Israeli research is at the forefront of the emerging fields of stem-cell therapy and genomics, and two Nobel Prizes in Chemistry, the first to Profs. Avram Hershko and Aaron Ciechanover of the Technion-Israel Institute of Technology, and the second to Prof. Ada Yonath of the Weizmann Institute of Science number among the many awards bestowed on the country’s biotech scientists.
The pace of innovation, development and growth in Israel’s biotechnology sector is unparalleled. Israel’s biotech industry is the most aggressive in the world, with more startups per capita then any other country. Its 180 biotech companies – each built on a combination of academic excellence, a highly-skilled workforce, cutting-edge technological inventiveness and entrepreneurial daring – are creating therapeutic products, diagnostic tools and revolutionary drug-delivery techniques benefiting people all over the world.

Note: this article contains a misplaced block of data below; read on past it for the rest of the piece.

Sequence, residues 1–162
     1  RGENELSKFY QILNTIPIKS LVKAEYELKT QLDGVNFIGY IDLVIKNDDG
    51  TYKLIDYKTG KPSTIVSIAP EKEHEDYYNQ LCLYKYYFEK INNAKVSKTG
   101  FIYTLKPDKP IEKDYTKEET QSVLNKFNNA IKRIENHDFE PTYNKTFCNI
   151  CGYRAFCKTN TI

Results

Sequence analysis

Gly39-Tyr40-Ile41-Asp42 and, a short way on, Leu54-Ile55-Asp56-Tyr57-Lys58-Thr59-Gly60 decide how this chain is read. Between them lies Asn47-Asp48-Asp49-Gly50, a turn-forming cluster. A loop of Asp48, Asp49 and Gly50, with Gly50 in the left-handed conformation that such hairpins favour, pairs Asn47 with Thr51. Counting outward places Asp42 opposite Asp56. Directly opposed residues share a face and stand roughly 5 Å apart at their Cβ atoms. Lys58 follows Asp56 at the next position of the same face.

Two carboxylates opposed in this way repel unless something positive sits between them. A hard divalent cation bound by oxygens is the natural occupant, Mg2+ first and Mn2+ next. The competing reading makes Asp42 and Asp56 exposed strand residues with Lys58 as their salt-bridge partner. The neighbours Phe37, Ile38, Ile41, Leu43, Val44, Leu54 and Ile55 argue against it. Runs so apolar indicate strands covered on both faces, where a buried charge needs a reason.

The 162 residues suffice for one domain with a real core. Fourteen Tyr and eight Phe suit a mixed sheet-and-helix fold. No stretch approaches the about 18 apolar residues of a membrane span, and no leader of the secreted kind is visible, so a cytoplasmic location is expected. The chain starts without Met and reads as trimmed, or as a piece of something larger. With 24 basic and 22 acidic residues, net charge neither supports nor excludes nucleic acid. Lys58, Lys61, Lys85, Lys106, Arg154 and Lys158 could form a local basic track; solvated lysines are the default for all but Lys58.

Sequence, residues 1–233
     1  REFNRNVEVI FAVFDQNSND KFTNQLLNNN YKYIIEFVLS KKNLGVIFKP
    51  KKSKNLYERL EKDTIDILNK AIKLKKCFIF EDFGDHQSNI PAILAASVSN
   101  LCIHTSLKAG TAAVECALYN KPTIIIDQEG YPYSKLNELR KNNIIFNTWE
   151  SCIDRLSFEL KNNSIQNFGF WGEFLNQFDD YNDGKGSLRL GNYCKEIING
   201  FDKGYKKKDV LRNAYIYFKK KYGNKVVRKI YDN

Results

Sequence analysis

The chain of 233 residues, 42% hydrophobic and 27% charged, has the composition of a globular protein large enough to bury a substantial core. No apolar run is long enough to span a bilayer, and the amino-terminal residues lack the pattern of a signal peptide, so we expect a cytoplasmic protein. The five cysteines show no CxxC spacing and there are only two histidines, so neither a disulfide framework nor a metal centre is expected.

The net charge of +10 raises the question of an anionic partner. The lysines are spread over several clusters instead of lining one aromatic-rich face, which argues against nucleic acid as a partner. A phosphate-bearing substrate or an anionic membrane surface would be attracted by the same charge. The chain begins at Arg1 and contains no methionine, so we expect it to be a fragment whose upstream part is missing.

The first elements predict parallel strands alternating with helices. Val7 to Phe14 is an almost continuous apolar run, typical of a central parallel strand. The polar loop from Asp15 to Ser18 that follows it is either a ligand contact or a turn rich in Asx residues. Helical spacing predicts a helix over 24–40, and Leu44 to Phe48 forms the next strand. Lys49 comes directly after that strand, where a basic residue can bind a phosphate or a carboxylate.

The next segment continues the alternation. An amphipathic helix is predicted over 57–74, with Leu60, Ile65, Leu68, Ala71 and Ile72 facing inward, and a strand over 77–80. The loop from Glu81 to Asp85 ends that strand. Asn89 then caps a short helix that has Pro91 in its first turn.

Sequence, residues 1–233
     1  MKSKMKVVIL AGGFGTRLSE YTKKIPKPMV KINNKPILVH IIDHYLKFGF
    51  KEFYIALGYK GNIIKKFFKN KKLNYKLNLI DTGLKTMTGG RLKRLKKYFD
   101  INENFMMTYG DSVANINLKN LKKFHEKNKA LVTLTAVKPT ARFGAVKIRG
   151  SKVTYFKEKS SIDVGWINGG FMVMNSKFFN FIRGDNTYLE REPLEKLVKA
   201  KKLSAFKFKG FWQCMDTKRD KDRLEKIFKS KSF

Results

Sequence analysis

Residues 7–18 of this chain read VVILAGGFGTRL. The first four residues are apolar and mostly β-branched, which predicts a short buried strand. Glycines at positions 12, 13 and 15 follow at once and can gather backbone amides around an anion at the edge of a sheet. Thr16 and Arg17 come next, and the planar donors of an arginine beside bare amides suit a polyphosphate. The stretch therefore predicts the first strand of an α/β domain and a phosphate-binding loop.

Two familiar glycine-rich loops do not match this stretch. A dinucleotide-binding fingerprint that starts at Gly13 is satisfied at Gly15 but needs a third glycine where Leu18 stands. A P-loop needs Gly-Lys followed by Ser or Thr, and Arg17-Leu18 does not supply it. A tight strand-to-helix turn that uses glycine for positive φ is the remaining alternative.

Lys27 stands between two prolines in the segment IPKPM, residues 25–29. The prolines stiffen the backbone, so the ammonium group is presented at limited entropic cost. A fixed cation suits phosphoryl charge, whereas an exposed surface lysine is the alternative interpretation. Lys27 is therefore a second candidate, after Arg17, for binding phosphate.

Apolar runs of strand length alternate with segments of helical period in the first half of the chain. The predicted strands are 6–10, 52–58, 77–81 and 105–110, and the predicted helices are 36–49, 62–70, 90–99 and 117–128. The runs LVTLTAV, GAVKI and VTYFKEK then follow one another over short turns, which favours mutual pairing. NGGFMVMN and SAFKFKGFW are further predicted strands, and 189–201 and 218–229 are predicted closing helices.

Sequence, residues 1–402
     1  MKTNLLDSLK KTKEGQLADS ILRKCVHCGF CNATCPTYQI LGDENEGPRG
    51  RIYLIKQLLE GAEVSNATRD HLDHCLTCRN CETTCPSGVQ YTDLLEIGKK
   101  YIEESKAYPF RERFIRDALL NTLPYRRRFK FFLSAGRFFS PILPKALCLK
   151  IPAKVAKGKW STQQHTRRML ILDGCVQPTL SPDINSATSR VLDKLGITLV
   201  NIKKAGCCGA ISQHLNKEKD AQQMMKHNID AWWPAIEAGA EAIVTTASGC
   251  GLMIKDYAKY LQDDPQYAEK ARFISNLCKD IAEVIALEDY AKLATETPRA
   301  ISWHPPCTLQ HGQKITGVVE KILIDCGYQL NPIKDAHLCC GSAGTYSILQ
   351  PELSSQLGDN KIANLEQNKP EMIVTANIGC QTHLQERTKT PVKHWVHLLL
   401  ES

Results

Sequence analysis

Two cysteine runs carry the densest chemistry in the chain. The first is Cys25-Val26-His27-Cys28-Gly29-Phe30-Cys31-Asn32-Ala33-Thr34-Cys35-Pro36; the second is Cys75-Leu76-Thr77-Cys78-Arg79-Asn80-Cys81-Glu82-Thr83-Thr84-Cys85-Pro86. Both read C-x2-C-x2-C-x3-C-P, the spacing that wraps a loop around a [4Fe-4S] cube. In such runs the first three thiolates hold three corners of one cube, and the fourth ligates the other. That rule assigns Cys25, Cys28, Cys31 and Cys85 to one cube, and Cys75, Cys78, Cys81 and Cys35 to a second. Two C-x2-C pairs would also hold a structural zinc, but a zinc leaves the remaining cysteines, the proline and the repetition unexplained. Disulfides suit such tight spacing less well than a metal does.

Tailor-made for Israel
Biotechnology, the science which applies breakthroughs in molecular biology and immunochemistry to diagnosis and therapy, was born in the late 1970s. In many ways, it is tailor-made for Israel, being rooted in innovation and perseverance; a highly educated workforce; the lessons of military service; intimate links between researchers and entrepreneurs; and US capital and markets and, particularly, the US 1985 free trade agreement with Israel.
- Innovation and perseverance: A small country with a population of only seven million and few natural resources, Israel’s economy is necessarily one of innovation and perseverance. Demanding conditions – first in agriculture, then in defense and from there throughout its economy – set the stage for dramatic economic growth, as Israel transformed itself from a developing to a developed nation, and from an economy based on agriculture to one based on knowledge.